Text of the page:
We headed back to Gudrun's, and after a bit I made a small lunch. My family's tradition for Christmas Eve supper is an Ecuadorian soup called locro. That link talks about Argentinean locro, which is a different type. For pages more about Ecuadorian locro see here and here.

It's always been tricky getting the right cheese for it. In Miami Mom used queso blanco, which was "white cheese" that was cheap and easy to get. It needs to be something that melts nicely when warmed up, and has some taste to complement the potatoes. It's possible to buy queso blanco elsewhere in the US but it's really expensive, so I've been using Christy's suggestion of Monterey Jack. Which I can't get in Europe.

Last year I was in Leipzig at J&J's for Christmas and I made locro for Christmas Eve. South Africans, like most Americans, celebrate on Christmas day so that worked nicely. Johann and I went to a cheese store at the central train station (largest station in Europe). I walked around and picked up cheeses until I found two which looked and felt right. One worked out much better than the other, but I can't remember which is which. I made it again when I visited last November. We went to the same place and again, I can't remember what we got. Perhaps gouda this time? Whatever it was, it worked out.

Some time in early fall I tried to make it here in Sweden, which has its own cheeses. I tried "prästost" but it didn't work out right. It melted too easily. A few days before going over to Gudrun's I tested Herrgårdsost (långlagrad mager, to be specific. According to the Swedish page it's an Emmental cheese.

I tried it. While I was boiling the potatoes I nibbled a bit of the cheese. Mmmm, I could tell the taste was going to be a good fit. It melted nicely. Yes, Herrgårdsost is a winner! So Mom, Christy? Want to try an Emmental next time?

It was a success at Gudrun's as well. Very much enjoyed. I also brought a couple of avocados, which Mom likes with her soup, but they weren't that ripe even after waiting a couple of days and I don't think it added anything. The chives (gräslök - "grass onion") were a good addition.

In case you're wondering about the recipe, it's not really fixed. Chop potatoes into bite sized pieces. Boil. While it's boiling, cut the cheese into small cubes. Once the potatoes are done, drain. Add whole milk until the potatoes are nearly covered. Heat (after all, the milk was cold). Remove from heat. Add cheese. Add salt and pepper to taste. Don't ask me about the proportions, I eyeball it each time. Maybe 2 or 3 times the potatoes by weight to cheese?

For a light lunch for 7 (one was lactose intolerant) I used 12 potatoes, 350g cheese, and 500ml mjölk. Roughly.

Here's the instructions in Swedish, which I wrote up for Gudrun

Skala och skära potatis i bitar. Koka. Medan du väntar, skära osten i bitar. Häll av vattnet. Tillsätta tillräcklig mjölk för att närmast täcka potatis. Värma soppan (eftersom mjölken var i kylen). Ta den av spisen. Tillsätt ostbitar och kyrdda med salt och peppar. Jag tycker bäst om att äta med gräslök. Min mamma föredrar avocado. Majs skulle passa jättebra med. Men se på de där sidorna för andra variationer.

It might be nice next time to try with a bit of corn (like a corn chowder) or some bell peppers.

Friday, January 18, 2008


When last I wrote it was the Nobel prize night. Two days later was a Thursday. After Gerhard Ertl's nobel prize talk at Chalmers, to a pretty full audience. I then started preparing for dinner.

It was the end of the season knytkalas (potluck) at Oceanen and I had gotten it in my head to make a curry. When I was in South Africa, and after going to Ham's parents' place in Durban, I decided I should learn to make Indian food. I found what looked to be a decent cookbook at a bookstore in some mall. Plus it was at the equivalent to a dollar store, so quite cheap. I also picked up a copy of Madam and Eve.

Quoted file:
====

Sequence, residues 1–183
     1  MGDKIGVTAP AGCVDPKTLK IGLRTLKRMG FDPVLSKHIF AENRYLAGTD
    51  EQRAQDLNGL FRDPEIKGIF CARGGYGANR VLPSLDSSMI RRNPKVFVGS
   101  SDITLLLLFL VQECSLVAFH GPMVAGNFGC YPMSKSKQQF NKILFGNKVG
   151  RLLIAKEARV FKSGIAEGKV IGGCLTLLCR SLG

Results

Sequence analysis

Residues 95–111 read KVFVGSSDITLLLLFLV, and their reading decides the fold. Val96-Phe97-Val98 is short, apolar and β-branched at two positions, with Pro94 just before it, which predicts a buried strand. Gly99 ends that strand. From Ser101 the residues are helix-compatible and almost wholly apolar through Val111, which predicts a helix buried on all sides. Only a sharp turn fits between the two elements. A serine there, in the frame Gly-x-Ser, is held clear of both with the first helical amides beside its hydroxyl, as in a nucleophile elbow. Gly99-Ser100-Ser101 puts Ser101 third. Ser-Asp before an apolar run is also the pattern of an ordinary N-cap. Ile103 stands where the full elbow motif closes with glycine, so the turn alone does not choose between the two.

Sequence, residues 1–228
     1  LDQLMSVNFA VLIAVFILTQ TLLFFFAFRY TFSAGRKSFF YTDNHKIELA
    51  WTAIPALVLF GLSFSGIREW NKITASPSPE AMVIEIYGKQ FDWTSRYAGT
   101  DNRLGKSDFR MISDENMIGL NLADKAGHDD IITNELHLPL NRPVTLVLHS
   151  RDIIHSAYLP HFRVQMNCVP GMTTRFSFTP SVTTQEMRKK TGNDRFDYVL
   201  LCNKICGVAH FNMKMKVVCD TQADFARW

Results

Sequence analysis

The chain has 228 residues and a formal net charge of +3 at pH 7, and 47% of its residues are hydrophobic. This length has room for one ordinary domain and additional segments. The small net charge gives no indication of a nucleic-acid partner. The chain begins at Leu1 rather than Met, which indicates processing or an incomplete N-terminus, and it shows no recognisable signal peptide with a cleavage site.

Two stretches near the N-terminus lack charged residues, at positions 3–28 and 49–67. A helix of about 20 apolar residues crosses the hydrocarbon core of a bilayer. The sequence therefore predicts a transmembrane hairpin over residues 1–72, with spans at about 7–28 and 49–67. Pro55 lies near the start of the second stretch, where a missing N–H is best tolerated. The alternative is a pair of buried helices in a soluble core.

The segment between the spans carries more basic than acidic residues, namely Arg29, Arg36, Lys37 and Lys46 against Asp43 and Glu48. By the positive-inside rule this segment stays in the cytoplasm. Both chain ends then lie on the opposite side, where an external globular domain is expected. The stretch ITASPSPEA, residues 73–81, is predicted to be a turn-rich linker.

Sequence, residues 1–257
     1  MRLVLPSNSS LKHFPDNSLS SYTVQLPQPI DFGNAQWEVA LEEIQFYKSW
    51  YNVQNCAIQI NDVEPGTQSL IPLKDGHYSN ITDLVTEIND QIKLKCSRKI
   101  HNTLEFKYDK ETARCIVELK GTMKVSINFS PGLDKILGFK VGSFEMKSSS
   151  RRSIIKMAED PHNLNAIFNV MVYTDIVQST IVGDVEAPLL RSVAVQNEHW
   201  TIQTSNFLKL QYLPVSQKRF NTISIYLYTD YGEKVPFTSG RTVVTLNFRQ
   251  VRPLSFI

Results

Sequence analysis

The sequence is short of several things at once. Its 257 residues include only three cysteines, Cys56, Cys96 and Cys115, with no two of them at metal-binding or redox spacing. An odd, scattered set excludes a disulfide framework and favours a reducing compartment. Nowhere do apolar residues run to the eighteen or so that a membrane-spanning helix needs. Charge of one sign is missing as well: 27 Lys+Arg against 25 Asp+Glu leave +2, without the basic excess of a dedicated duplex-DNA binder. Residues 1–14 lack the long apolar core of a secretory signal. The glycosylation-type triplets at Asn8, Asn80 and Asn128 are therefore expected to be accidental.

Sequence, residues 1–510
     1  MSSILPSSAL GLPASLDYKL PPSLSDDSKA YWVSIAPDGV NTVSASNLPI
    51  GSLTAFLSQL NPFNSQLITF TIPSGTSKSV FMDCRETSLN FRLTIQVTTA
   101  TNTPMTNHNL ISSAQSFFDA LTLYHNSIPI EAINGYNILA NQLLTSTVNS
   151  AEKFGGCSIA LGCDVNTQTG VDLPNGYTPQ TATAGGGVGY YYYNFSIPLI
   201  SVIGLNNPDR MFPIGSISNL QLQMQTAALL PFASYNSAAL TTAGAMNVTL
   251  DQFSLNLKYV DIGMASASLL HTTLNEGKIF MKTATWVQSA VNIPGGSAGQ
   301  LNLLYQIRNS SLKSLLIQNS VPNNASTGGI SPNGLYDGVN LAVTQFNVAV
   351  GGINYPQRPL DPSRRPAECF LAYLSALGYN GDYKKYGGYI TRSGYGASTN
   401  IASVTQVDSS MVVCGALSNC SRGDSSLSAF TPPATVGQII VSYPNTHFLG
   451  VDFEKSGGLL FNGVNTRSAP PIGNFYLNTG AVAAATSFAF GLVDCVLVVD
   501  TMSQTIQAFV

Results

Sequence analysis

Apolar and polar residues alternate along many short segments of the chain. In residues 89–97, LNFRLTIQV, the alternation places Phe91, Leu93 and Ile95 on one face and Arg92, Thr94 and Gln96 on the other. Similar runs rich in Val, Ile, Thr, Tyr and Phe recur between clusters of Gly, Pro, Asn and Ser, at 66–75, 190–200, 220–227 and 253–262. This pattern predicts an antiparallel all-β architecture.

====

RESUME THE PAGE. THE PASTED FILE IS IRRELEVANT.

I pulled out the cookbook and started looking for something to make. It was a tossup between a vegetable or a mutton curry, and the deciding factor was getting mutton. I didn't find mutton at the local stores and only latter did I find the lamb sellers at Saluhallen. So veg curry it was.

I working on the dish I found a few interesting things about the book. It was published in England, not South Africa, and by an English author. That's perhaps why the recipe called for a turnip, which doesn't strike me as all that Indian. There's an image of "chilies drying in the sun", which is true. The picture was from New Mexico. It was a ristra hanging on an adobe house. Can you say "file photograph"? I knew you could!

The recipe itself had a problem. It described twice how to chop up the potatoes. First in "rough chunks" and second in "small pieces." I ended up having to improvise by looking at the final picture and thinking of how I wanted it to be. Even better was that I had never cooked with turnips or eggplants before. I found some nice web pages which helpfully explained.

I made 150% proportions and my pot wasn't big enough so I used two pots, but there wasn't enough liquid so the potatoes didn't boil enough. I decided to use a brute force solution, and picked out all the potatoes so I could boil them separately. You get the idea that this is taking a while?

I added the spices as suggested, tasked it, and it was bland. Very bland. In true English style bland. I think I added 4 times the spices until it finally tasted strong enough. I was worried that Swedes don't do so well with hot foods but Gudrun encouraged me to go for it, so I did. I had some South African mixed spices in a bag, with no ingredients list. I used that as well, which means I don't know all that went into it. Oh, and the coconut milk was the key to making the taste right.

Even then it didn't taste quite right, so I made a batch of rice to go along with it. I'm a jasmine fan, while a traditionalist would probably go for basmati. That passed my taste test.

Finally. All done. Took it to Oceanen and put it on the countertop with the other foods. Most brought things like cheese and cookies and bread, which I saw was the case in previous times. That's why I thought to bring something a bit more substantial. It went over quite well. By the end of the night all the curry was gone, and most of the rice. Gudrun said that when she tried it she wondered if I had toned down the spices a bit, but then a few seconds later the heat came.

That's one thing I like about Indian food. I remember ordering a sandwich in Cape Town (at the News Cafe on Main Road near Green Point Stadium, if you want to know) with peri-peri. It was tingly hot, but like a song with one note it didn't have much depth to it.